Vinh Loi Tofu- SFV's Vegan Gem
One of the true gems in the valley is Vinh Loi Tofu in Reseda. This is a truly magical place where owner, Kevin Tran, creates unbelievable vegan delicacies. First, let me say, I am not vegan and enjoy a well-cooked piece of animal flesh any day. However, I also know great food when I taste it.
Chef Kevin's special gift is the ability to make tofu in different shapes, colors, textures and flavors. The beef tofu is greyish pinkish, and has an earthly, musky cinimon flavor that reminds me of a Morrocan beef dish. The chicken tofu is like the purest white meat chicken. When you pull it apart, it even shreads as chicken would. His shrimp looks like shrimp, pink and curved and segnented, and it feels like shrimp in your mouth. It really is a marvel what the man can do with the soybean.
Everything is made “in-house”. If you are going for the first time, I highly recommend the House Special Soup. It is a wonderful introduction to Kevin’s magic. The flavorful broth (a bit on the spicy side but if you don’t like that, just let Kevin know), is filled with shrimp, beef, chicken and fish tofu, all of which taste better than their “real” counterparts and noodles. I, personally, don’t care for the fish too much so I ask for it to be excluded but that is truly just a personal preference.
Also a must on your first try are the Chicken Nuggets. I know this takes some trust, but believe me, you will not regret it. The Chicken Nuggets come with the French Fries but I generally choose to omit those and just ask Kevin for Chicken Nuggets only. The nuggets are superb. My 7-year old loves them too and has to fight my husband and me for the last one.
The Duck Soup is also wonderful as are many of the other delicacies on the menu that is constantly expanding as Kevin creates more tasty concoctions. The mushroom tofu is superb and tastes great with hoisin sauce.
Do not leave without purchasing some of the great soy milk “home-made” by Kevin. We prefer the greenish, slightly sweeter Pandan variety.
The restaurant is tiny with just a few tables so you may need to wait a bit if you want to be seated. We often eat at the restaurant but even if we don’t, we stop by almost every week to grab some soup to-go. If you let Kevin know, he will give you the uncooked noodles separately and the soup can then be easily frozen for consumption later that week.
Give Vinh Loi a try. You will not be disappointed.
Vinh Loi Tofu
18625 Sherman Way
Open 7 am to 7 pm every day
I really like their bun bo Hue. The decor is a pleasant, colorful variation on spare cafeteria style. I was amused when I was there and a white guy came in with his teen/preteen son and a friend, saying it was the son's favorite restaurant.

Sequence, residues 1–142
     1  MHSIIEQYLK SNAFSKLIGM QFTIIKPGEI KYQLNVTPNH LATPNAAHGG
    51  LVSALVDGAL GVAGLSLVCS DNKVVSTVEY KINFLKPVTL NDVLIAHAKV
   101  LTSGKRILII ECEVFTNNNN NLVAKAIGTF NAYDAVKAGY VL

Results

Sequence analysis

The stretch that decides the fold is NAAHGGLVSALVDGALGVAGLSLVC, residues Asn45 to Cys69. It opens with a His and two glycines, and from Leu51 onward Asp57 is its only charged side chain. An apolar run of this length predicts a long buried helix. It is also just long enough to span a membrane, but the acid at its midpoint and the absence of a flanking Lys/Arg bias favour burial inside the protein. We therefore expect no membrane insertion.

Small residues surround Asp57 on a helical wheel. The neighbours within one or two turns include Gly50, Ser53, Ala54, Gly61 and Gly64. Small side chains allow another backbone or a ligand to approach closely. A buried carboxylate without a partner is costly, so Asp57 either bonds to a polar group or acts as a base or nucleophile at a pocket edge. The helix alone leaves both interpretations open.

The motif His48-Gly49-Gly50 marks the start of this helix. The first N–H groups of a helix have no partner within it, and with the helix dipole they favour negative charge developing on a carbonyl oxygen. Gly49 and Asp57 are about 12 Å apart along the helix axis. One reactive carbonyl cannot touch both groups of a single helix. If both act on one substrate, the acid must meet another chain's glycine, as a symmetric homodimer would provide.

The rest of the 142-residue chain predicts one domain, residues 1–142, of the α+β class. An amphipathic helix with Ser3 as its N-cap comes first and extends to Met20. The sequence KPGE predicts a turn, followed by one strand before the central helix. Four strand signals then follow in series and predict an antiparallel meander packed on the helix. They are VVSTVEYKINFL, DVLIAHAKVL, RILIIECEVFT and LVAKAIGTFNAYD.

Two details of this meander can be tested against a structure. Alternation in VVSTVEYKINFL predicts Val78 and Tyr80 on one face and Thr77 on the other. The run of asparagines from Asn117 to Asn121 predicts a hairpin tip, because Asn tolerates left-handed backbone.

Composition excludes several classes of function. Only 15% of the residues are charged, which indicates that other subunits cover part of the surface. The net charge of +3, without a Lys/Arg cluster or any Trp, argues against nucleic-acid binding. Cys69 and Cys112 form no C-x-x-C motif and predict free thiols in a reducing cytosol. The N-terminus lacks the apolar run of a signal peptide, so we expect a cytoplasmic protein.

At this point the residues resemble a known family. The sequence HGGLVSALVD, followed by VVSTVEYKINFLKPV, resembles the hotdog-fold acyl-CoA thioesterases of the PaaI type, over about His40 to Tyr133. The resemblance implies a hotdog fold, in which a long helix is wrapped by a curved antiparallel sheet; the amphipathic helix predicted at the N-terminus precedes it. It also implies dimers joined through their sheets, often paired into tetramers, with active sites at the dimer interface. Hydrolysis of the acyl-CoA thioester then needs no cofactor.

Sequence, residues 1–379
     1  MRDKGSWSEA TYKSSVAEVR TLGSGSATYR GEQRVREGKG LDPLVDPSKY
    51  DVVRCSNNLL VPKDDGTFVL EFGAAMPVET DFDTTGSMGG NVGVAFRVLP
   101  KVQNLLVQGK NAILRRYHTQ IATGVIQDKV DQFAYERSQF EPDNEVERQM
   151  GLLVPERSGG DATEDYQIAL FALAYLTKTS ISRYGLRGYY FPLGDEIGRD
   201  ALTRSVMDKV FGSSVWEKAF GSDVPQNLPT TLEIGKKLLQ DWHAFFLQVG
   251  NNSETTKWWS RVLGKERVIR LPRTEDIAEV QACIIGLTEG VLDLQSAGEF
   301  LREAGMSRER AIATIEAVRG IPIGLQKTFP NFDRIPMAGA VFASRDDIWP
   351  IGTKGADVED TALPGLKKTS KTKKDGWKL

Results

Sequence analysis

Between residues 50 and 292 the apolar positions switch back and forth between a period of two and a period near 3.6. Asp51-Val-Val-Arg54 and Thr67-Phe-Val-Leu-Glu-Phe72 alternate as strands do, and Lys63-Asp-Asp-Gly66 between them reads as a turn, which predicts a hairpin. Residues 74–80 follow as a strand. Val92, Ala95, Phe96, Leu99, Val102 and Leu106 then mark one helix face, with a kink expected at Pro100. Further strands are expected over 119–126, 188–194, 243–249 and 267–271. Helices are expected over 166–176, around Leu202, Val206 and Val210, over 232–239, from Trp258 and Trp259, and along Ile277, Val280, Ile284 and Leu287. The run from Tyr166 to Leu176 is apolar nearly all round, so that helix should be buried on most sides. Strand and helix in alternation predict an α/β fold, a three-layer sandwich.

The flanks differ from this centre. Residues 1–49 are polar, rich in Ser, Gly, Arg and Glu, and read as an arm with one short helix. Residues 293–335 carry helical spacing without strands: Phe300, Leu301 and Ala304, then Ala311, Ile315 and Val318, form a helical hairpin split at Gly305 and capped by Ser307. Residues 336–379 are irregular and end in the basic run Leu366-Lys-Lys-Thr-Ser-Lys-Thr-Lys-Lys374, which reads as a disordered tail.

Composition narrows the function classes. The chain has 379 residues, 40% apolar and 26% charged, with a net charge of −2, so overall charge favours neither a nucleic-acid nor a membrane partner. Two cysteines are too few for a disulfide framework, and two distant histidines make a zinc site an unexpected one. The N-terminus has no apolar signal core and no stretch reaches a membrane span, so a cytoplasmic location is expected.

I'm almost certain he does *not* make the fake meats and fish in house, and most of them are commercial processed soy mock meat, not tofu, of the type you can buy at any Chinese / Vietnamese vegetarian supply house. The actual tofu and soy milk is made in house, and is excellent (though you can get similar tofu at a number of Vietnamese tofu shops, at least in the SGV).
The soups are very good - even my gf, who is not vegetarian and rather picky about her Vietnamese soup likes it, and definitely prefers it to the soup at any other vegetarian restaurant. I'm not 100% sure I believe him about how long he cooks his soup and that it's entirely made from scratch - the chef is a very nice guy, and a character, but kind of a big talker (always bragging about how many chefs from other restaurants come to ask him about the secret of his soup). He says the secret is just cooking it for a long time, though I can't really figure out how cooking a vegetarian broth for a really long time matters (beyond reducing it to the desired concentration) - it's not like cooking with bones where it takes a long time for the flavor to be extracted.
In any event, the soup is quite tasty, and without the overbearing sweetness of a lot of vegetarian broths (though it seems to have quite a lot of glutamate in it - my mouth is always dry for quite a while after eating there).
His veggie "nuoc cham" is good - he says he uses coconut juice and chili sauce, along with (IIRC) vinegar and a little soy sauce. The spring rolls are so-so IMO.
Despite the fact that he insists that his stuff is vegan, I'd be willing to bet that some of the mock meat contains small amounts of casein, whey, or egg white. I have not been able to verify this one way or another by reading actual ingredients (though I believe some of the products he sells, such as the powdered bullion, had ingredients which were non-vegan).